# average difference in averages... ?

#### jamesmartinn

##### Member
Hi all,

I'm hoping to get some feedback on a project I'm working on in terms of the methods we're using. I'll give a brief description of our project:

We're looking at patient volume for about N=9000 physicians. For each physician, I have the number of patients and days worked under two different conditions. Condition A is volume under 'A-Type Days' and Condition B is the volume under 'B-Type Days'. For each condition, I have the number of patients they saw (sum total) and the number of days over a single year. For example, I might have the following information for a given physician:

Worked a total of 25 "A-Type Days" and saw 100 Patients over this time. Therefore their A-Type average number of patients would be 100/25 = 4.

For the same physician, they may have worked a different number of "B-Type Days". For example, they could have worked a total of 3 "B-Type Days" and a total of 27 Patients in that time. Their B-Type average would then be 27/3 = 9.

I'm wondering how I could compare the average difference between the averages. My intuition tells me to use a paired T-Test to compare the difference in averages. I would therefore be evaluating the "average average difference" in patients from A-Type to B-Type.

Is this kosher? If not, would there be an alternate strategy? I'm able to extract the individual level data for each physician to see on which days how many patients they saw - right now I just have it in aggregate form.

Thanks for insights

cheers,

#### MARijlaarsdam

##### New Member
Hi,
You are measuring the same subject, i.e. you are using the subject (doctor) as its own control. I would therefore agree that a paired t test is the right way to go if you have the appropriate sample size (which seems to be the case). You are then indeed testing if there is a significant difference between the average patient load of type A and type B.
Best, Martin

#### jamesmartinn

##### Member
Hi,
You are measuring the same subject, i.e. you are using the subject (doctor) as its own control. I would therefore agree that a paired t test is the right way to go if you have the appropriate sample size (which seems to be the case). You are then indeed testing if there is a significant difference between the average patient load of type A and type B.
Best, Martin
Thanks for the reply. I'm almost positive a paired t-test is the right analysis, I'm just wondering if my unit of analysis (individual averages based on different denominators) is legit or not.

#### hlsmith

##### Omega Contributor
May be missing something, but I would imagine that this may be best answered using a hierarchical model.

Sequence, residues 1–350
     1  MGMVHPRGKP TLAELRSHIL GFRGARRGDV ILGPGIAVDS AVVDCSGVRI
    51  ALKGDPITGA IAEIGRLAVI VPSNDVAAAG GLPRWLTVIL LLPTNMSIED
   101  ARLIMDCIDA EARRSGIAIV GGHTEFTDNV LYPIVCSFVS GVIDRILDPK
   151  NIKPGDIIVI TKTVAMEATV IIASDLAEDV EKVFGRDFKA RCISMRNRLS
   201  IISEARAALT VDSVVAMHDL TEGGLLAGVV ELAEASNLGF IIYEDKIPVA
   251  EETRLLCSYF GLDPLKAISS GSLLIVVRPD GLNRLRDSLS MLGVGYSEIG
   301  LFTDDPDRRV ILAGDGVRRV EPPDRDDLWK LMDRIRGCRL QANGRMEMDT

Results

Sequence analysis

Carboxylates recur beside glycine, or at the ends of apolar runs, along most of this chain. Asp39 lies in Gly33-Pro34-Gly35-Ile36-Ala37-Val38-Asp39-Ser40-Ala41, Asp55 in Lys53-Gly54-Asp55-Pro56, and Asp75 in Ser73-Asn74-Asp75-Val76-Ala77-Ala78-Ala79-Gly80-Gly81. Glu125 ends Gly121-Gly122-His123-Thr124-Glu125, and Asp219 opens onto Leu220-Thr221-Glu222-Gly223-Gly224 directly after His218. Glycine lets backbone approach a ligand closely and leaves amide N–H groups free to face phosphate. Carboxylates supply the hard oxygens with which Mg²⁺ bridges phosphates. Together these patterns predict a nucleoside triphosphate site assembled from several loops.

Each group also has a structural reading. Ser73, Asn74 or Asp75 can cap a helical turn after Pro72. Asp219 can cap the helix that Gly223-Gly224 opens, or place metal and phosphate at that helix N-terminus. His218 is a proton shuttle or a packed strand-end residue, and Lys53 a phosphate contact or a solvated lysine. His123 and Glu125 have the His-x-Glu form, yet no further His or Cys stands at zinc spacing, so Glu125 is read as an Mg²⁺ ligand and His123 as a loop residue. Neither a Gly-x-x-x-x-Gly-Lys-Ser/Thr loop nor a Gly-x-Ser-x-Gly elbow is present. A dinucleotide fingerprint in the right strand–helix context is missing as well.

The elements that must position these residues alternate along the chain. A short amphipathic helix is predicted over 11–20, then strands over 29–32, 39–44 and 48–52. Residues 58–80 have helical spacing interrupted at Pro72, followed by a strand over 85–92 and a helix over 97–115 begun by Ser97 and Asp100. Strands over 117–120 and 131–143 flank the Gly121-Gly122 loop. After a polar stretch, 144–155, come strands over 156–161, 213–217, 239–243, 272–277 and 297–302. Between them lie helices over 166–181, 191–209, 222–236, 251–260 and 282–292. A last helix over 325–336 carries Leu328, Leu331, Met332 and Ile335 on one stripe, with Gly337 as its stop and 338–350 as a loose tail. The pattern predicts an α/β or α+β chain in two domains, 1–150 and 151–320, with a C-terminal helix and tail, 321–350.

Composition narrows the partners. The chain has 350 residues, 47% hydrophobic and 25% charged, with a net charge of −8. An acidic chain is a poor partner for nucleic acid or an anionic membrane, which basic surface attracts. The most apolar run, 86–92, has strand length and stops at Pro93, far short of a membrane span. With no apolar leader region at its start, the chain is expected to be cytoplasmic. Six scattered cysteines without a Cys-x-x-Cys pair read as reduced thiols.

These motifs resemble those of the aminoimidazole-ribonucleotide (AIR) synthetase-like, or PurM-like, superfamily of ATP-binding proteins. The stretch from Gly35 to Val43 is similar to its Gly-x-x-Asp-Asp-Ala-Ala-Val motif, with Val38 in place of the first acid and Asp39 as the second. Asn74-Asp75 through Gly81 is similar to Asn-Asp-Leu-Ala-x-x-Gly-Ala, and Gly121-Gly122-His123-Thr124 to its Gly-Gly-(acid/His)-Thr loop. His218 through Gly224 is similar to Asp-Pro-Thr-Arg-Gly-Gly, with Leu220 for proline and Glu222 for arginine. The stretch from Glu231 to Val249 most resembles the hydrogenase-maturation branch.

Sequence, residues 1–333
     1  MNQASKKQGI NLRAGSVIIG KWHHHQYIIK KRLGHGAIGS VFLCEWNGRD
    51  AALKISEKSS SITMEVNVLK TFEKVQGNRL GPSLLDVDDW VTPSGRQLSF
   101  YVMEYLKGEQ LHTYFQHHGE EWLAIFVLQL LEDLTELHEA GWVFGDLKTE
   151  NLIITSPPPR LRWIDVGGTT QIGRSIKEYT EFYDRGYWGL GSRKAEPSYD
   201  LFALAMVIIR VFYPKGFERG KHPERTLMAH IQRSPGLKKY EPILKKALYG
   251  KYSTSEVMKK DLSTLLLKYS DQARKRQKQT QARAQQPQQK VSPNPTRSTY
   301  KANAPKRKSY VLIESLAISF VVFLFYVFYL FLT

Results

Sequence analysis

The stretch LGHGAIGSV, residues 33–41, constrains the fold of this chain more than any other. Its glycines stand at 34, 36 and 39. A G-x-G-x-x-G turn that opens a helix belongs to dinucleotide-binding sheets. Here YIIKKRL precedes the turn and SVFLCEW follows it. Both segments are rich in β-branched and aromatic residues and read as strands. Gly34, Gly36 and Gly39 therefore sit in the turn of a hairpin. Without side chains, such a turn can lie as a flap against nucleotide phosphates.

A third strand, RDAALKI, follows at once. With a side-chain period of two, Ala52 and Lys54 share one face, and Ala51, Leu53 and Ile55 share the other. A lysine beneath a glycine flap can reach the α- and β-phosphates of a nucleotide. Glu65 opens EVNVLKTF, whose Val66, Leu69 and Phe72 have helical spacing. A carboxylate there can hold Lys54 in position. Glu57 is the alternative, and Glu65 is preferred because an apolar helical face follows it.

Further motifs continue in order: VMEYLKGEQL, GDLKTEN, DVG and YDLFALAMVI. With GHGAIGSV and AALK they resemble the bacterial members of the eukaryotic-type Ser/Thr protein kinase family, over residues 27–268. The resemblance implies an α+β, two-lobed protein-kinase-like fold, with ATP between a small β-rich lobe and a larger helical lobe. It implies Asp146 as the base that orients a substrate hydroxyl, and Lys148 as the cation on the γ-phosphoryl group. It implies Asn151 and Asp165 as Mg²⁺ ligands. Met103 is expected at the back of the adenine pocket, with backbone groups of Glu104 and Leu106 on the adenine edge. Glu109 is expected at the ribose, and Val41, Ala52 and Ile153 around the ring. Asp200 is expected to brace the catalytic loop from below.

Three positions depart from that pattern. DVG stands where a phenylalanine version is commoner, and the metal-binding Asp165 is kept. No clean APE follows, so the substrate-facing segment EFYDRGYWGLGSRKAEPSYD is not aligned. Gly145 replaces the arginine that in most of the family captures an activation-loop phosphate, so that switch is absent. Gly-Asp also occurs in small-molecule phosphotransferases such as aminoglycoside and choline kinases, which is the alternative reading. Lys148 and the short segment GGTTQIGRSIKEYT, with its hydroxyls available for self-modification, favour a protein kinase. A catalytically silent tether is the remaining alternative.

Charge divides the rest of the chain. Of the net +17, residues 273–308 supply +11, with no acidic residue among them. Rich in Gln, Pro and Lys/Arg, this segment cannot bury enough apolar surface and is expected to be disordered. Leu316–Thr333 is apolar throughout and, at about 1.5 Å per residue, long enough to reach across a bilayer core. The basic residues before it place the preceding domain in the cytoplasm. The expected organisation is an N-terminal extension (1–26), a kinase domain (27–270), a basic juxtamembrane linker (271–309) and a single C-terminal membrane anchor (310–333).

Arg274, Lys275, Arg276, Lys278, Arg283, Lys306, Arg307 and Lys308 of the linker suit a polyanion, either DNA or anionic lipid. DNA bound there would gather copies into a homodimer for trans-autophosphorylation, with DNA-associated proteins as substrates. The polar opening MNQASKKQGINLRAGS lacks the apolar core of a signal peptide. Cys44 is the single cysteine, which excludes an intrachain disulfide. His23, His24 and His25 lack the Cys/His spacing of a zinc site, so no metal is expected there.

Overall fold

Patient load = condition while controlling for physicians. However, your dependent variable seems to be a count and this approach may require the actual data.

#### jamesmartinn

##### Member
May be missing something, but I would imagine that this may be best answered using a hierarchical model.

Patient load = condition while controlling for physicians. However, your dependent variable seems to be a count and this approach may require the actual data.
Thanks for the reply hlsmith! Can you elaborate more? I'll try to give some more details too. I think the way I described the conditions might be a bit misleading so here it goes:

I'm interested in physicians who work a night shift, and immediately after, without a break, go right into working a day shift.

Right now, I have the data in the following form. I've organized it as such to present some aggregate results for the PI. It's in wide-format.

ID - Identifies Physician
N-Nights - Total number of night shifts they worked for a given year
N-Nights-Patients - Total number of patients seen at night for a given year
N-Days - Total number of day shifts worked directly following a night shift for a given year
N-Days-Patients - Total number of patients seen during day shifts

an example:

Suppose that Dr. Bob worked a total of 10 night shifts for the year. He saw a total of 20 patients during those night shifts. I'd take his average to be 20/10 = 2 patients a night shift.

Now, out of those 10 night shifts worked, Dr. Bob continued working into the day for 2 of them. During those two "day-following-night" he saw a total of 10 patients. I'd take this average to be 10/2 = 5 patients during a day-following-night shift.

Therefore N-Days will always be less than or equal to N-Nights.

I have access to the individual level records so I can definitely dis-aggregate it if need be. I can tell for example, the exact nights that were followed by a day shift, and for each record, I can even tell how many patients were exactly seen on it.

I have this type of data for 5 sequential years (2007-2011).

I look forward to hearing your modeling suggestions! Thanks!